Kathiawari – from war horse to friend

In a rural location such as ours the locals rely heavily on animals – sheep, goats, cows and water buffalo all play a major role in agriculture whilst dogs are useful for ‘garbage disposal’.  At the other end of the spectrum many wealthy Indians see the owning of expensive pedigree dogs as a status symbol, although they often have little knowledge of how to care for them properly.


It is similar with horses, and we have recently purchased a Kathiawari horse (which was very thin and unfit) from a local Indian.  There was no intentional cruelty or neglect involved in the care of this animal before he came to us, merely a lack of knowledge on the owners part and a lack of skills amongst his employees.  So, Raja has come to live with us at Lakeside.



The Kathiawari are an amazing breed of horse which was originally bred in north India for desert warfare, the ideal characteristics being that they could survive on minimal rations during campaigns over long distances and rough terrains.  They were bred from a mixture of native horses and imported Arabian stock and ownership was limited to the ruling families, hence the ‘status symbol’ of owning one today.  The Kathiawari are not large horses (maximum height around 15 hands) and appear to be rather thin and bony in the leg to the western eye.  They are, however, a very sound breed of horse, high-spirited, intelligent and affectionate.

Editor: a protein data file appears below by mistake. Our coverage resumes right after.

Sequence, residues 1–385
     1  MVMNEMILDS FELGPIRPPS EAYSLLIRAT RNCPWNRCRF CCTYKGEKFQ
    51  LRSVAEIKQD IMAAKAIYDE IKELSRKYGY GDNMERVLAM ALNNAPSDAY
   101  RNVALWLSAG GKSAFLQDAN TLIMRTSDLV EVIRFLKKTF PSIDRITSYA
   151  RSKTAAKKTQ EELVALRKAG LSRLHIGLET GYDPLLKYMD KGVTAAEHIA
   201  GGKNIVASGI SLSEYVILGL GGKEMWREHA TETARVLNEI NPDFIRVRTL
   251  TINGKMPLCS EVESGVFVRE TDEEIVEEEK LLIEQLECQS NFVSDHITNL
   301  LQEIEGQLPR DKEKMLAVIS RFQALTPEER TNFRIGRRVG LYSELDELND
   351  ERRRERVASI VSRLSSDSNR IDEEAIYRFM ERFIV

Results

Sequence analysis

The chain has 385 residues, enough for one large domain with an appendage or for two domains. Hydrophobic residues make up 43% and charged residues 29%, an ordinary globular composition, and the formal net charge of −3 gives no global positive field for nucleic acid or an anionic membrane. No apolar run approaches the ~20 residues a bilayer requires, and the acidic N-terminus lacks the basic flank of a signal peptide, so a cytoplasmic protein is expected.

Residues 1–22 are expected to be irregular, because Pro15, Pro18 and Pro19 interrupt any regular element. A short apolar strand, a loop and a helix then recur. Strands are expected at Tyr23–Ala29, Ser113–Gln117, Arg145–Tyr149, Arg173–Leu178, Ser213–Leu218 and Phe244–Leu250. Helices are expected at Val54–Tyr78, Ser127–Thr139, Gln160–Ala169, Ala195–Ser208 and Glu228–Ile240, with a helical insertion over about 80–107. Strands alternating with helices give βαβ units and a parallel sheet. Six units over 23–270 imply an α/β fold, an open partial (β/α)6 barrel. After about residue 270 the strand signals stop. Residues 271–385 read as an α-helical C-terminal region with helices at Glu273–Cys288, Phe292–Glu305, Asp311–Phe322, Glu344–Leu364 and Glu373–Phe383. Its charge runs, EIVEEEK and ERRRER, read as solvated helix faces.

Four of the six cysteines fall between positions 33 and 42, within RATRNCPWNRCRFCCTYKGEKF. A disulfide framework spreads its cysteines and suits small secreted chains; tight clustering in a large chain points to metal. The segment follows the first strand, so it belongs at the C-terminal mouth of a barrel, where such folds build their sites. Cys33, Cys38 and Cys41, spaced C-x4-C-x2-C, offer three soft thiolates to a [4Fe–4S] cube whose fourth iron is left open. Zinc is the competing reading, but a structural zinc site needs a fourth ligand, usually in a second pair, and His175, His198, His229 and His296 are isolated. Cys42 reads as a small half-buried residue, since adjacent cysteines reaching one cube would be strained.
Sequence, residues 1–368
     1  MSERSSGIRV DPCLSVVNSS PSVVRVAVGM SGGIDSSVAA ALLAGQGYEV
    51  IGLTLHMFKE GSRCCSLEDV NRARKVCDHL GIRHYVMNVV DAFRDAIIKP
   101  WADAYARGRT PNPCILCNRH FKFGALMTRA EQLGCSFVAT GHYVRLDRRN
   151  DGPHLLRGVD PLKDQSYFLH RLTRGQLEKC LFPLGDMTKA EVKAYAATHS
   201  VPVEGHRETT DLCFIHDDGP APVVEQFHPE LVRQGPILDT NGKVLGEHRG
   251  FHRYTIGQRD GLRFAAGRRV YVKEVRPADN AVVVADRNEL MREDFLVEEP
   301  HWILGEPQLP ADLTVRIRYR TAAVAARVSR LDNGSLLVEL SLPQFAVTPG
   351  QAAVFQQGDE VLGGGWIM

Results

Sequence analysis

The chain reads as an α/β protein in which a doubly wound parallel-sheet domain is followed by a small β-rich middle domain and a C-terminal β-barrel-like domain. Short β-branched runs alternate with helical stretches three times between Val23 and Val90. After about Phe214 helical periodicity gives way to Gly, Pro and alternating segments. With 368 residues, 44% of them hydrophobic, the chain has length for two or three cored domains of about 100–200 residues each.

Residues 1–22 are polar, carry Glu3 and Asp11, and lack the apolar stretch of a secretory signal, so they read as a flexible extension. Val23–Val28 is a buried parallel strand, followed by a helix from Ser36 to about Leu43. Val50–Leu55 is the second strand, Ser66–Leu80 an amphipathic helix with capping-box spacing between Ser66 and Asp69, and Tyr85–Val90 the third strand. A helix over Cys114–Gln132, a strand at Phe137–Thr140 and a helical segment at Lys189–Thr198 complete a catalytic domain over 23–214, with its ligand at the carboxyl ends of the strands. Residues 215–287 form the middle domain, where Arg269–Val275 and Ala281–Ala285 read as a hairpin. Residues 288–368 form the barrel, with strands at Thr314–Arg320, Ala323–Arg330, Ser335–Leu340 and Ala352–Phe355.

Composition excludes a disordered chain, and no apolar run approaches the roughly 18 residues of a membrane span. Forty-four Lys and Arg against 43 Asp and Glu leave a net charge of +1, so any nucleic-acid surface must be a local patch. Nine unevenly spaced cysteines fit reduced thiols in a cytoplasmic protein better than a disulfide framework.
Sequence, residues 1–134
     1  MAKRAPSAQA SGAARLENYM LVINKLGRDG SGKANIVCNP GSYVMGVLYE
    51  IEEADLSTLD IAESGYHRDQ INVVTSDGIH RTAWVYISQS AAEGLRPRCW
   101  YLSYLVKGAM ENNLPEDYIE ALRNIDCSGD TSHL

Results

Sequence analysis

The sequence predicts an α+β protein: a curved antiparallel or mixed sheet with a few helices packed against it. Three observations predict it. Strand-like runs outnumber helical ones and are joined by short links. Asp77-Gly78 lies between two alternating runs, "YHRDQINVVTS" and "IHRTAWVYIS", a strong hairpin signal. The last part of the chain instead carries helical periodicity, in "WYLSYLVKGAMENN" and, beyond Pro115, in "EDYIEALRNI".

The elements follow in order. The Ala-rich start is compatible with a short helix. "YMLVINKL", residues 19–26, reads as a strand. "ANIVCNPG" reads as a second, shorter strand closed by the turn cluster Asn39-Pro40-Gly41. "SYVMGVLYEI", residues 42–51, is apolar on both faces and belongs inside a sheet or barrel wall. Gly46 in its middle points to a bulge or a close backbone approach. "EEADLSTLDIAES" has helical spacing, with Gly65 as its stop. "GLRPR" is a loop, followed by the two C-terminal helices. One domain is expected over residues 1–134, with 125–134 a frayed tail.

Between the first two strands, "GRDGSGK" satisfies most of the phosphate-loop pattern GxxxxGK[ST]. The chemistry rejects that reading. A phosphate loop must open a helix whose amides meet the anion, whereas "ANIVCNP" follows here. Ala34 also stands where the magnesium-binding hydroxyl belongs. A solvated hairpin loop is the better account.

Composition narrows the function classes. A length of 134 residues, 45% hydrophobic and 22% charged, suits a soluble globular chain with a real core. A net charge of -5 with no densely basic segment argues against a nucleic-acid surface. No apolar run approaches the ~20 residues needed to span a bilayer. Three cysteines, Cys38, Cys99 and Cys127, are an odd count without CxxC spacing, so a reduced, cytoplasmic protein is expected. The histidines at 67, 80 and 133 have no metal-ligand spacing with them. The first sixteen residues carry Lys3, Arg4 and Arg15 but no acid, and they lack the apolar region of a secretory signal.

Raja six weeks after coming to Lakeside


I have no pictures of Raja when he first came to Lakeside, but after six weeks he was beginning to fill out, although lacking in muscle tone.






Raja five months after coming to Lakeside

Now, some five months after I bought Raja, he is a healthy weight and much fitter than before although he still needs to develop a little more muscle tone.  I feel very lucky to be able to ride out around the lake or through the coconut groves on this magnificent animal who is so quick to learn and eager to please.



One unusual trait of the Kathiawari is that their ears curve inwards and touch at the tips which gives them a very intelligent look.  There is only one other breed of horse (also Indian) which shares this characteristic.  The number of Kathiawari horses declined after Indian Independence until there were only a few thousand in existence and they were verging on extinction, but thankfully the numbers are now increasing and these beautiful horses are here to stay.




11 thoughts on “Kathiawari – from war horse to friend

  1. He is a lovely horse and got to know him quite well when we were staying with you. You have done wonders with him and give him lots of love.

  2. Fascinating, thanks so very much for this lesson — and helping such an amazing animal. Sharing with my family (rescuers of thoroughbreds!). It’s a shame that there isn’t some sort of education campaign for these gentleman farmers…

    • Thanks for your message, and please pass on my best wishes to your family. Rescuing thoroughbreds (or any animal) is so worthwhile. I’m an optimist and so believe that people will (eventually) learn how to behave responsibly and care for animals properly.

  3. Thank you for taking Raja in. The circle of life spins in funny ways. This weekend I read an article on katiawadi horses and how they are being brought back slowly because of an increasing demand for them in the marriage season. And then I read about you rescuing Raja. And that you live close to Madurai. I was born in Madurai and remember it with great fondness.
    Good luck with your blog! I enjoyed reading it. Maybe we will visit Lakeside some day. 🙂 And oh, please give Raja a big hug for me! I love horses. All life forms actually.

  4. Pingback: В своей обычной ипостаси

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